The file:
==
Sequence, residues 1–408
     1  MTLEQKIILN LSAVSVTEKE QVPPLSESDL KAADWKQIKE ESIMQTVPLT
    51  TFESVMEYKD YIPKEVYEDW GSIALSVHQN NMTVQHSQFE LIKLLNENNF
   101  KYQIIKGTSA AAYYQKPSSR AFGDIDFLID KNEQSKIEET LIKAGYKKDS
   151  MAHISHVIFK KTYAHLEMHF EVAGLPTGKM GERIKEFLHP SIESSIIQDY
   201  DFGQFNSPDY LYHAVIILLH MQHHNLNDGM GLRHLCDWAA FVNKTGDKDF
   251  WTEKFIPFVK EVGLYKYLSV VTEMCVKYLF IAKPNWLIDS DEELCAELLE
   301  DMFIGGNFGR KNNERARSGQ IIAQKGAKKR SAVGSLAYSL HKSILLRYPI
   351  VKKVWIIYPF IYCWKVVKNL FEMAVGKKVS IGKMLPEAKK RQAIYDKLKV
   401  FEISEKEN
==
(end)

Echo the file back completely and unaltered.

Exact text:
Sequence, residues 1–408
     1  MTLEQKIILN LSAVSVTEKE QVPPLSESDL KAADWKQIKE ESIMQTVPLT
    51  TFESVMEYKD YIPKEVYEDW GSIALSVHQN NMTVQHSQFE LIKLLNENNF
   101  KYQIIKGTSA AAYYQKPSSR AFGDIDFLID KNEQSKIEET LIKAGYKKDS
   151  MAHISHVIFK KTYAHLEMHF EVAGLPTGKM GERIKEFLHP SIESSIIQDY
   201  DFGQFNSPDY LYHAVIILLH MQHHNLNDGM GLRHLCDWAA FVNKTGDKDF
   251  WTEKFIPFVK EVGLYKYLSV VTEMCVKYLF IAKPNWLIDS DEELCAELLE
   301  DMFIGGNFGR KNNERARSGQ IIAQKGAKKR SAVGSLAYSL HKSILLRYPI
   351  VKKVWIIYPF IYCWKVVKNL FEMAVGKKVS IGKMLPEAKK RQAIYDKLKV
   401  FEISEKEN